A full decade ago, before most artists of any stripe fully understood the power of branding and do-it-yourself promotion, Raymond Ayala, better known as
Your biggest revenue comes from touring. But I've seen you tour both arenas and clubs. Why?
Both are equally important to me. Any club is important. All Latin music movements are born in clubs. There is no better research than going to a club. If your music works, it will bounce up. We're doing a club tour with El Cartel tequila this winter, for example. We will hit the clubs via the music, and we'll introduce the drink. It's a very strategic and productive move.
Among the tracks on the album, which best represents it as a whole?
Wow. They're so different and each a winner in its style. "Ven Conmigo" was a winner. "Lovumba," amazing. "Pasarela" [used in a Verizon campaign] is now gaining strength. I have a record I love, "Limbo," which is very catchy. It was one of the tricks up my sleeve, which I saved for last. That one and "La Noche de los Dos" with [Spanish pop singer] Natalia Jimenez. It's a very mass-appeal track but it's 100% urban. I didn't want to do pop with her. And I give her credit for having seen the vision I had of the urban genre. I told her, 'I'm going to make you look good without losing your essence.'
"Limbo" is being promoted as a Zumba track and you performed at their annual convention. How is that association working for you?
They loved the track because I use a very Puerto Rican word in there, which is "zumba," which means trick, or joke. And they said they wanted to use the track for a Zumba campaign. I said, go for it. There are 12 million people taking Zumba classes every week around the world. If you can get that exposure to millions of people, and continue growing, it's worth it. It's promotion you didn't have before.
You still decide everything that happens with your career?
100% I am the owner of the masters. Everything we license is under El Cartel. Everything.
You continue to be hugely popular, 10 years later, in a very young-leaning genre. How do you stay young and hip?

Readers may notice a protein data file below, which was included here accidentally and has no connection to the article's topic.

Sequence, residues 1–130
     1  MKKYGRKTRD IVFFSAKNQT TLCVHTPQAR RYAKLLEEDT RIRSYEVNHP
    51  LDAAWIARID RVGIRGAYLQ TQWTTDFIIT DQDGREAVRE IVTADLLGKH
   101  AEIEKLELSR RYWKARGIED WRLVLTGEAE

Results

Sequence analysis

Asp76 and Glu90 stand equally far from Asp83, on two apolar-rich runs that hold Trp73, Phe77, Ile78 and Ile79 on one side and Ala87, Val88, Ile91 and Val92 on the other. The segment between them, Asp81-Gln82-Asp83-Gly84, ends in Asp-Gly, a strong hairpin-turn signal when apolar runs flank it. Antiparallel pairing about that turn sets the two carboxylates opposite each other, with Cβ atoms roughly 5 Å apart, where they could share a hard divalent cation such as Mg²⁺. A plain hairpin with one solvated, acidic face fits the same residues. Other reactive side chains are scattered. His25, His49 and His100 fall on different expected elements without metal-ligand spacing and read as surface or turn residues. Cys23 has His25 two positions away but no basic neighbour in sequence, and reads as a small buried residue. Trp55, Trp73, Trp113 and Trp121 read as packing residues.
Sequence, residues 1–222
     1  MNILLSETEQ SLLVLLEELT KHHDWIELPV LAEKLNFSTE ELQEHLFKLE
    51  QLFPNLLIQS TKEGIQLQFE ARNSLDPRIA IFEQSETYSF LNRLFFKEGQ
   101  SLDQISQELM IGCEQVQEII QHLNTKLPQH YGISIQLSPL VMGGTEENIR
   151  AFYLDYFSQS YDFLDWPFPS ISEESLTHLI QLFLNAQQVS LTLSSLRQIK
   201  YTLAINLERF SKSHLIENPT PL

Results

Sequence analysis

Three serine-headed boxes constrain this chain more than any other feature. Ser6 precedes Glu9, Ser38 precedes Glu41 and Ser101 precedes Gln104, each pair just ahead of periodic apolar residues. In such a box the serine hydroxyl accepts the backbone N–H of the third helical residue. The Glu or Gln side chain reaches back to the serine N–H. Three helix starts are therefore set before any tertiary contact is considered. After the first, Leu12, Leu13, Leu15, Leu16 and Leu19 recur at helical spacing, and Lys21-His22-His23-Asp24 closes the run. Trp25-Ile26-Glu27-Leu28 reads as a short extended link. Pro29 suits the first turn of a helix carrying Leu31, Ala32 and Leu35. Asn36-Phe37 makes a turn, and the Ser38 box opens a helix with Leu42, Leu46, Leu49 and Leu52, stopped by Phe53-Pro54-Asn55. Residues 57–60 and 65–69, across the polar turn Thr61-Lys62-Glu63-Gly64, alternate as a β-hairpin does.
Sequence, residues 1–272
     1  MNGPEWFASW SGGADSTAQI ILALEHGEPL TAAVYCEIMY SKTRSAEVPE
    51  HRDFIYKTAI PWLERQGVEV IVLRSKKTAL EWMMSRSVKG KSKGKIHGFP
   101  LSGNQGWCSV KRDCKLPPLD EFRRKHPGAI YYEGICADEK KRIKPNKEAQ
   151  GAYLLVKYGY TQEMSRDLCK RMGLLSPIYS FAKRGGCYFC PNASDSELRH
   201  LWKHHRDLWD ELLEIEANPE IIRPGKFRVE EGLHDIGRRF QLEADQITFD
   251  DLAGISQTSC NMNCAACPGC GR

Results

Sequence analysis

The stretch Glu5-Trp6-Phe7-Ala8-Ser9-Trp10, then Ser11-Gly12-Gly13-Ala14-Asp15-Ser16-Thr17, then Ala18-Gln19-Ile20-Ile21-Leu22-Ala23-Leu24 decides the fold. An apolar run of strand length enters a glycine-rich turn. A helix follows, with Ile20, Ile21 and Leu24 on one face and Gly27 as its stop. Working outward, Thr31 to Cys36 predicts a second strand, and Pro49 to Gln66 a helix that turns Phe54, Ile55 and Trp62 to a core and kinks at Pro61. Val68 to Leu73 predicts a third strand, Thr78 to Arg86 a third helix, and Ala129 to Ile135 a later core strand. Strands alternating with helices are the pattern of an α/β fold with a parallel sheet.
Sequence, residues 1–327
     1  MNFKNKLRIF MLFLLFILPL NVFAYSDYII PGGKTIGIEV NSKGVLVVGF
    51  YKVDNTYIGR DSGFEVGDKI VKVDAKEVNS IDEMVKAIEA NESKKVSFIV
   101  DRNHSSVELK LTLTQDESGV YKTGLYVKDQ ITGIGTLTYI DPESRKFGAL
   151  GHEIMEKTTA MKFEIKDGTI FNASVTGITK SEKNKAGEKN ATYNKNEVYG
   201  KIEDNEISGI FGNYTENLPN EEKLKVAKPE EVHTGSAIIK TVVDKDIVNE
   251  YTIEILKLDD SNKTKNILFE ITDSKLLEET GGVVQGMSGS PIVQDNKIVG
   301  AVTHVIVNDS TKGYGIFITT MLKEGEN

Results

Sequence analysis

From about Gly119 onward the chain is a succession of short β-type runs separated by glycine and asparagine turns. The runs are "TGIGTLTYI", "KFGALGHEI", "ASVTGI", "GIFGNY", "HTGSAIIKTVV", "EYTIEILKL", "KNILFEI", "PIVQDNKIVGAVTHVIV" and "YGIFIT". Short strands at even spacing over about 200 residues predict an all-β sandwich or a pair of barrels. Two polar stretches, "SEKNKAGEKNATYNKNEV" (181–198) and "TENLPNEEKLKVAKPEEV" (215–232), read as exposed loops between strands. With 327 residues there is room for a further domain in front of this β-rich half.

First, you have to understand that music is the root of everything. But when art ends, the business starts. When I talk about the Internet, it's because young people are there. TV and radio are still what moves the masses and you can't ignore that. But you also have to feed that monster that grows daily, which is the Internet. That's where urban subcultures live. I tell you, you release a record, and you get 1.5 million downloads. You're giving it away, yes, but millions of people are listening and your music will reach them. And it means business in terms of shows and activities.
And second, I surround myself with young producers with new ideas. I've never been into the classics. All my singles have their style and vibe and they've all been winners. And, what's important in the urban world is everyone is requesting music that is 100% urban and 100% Latin. I made "Prestige" based on those comments. I always say, I like new cars, but I stay in my lane. That's how I stay current.
You have your own line of Azad luxury watches and Section 8 Headphones and a major sponsorship deal with Verizon, among other deals. Now, you are a partner in the new El Cartel Tequila.
Without a doubt it will be the biggest deal of all and the numbers should be huge. Our aim is to establish El Cartel as not just another tequila but part of the club and party lifestyle. There are several songs where I mention the brand name and a lot of these party songs go hand in hand with the concept of Cartel Tequila. I have a track called "Lose Control," for example. It's the only song 100% in English and it's an exclusive iTunes track. But the physical album is entirely in Spanish because that's what the fans were requesting: A 100% urban album, 100% in Spanish.
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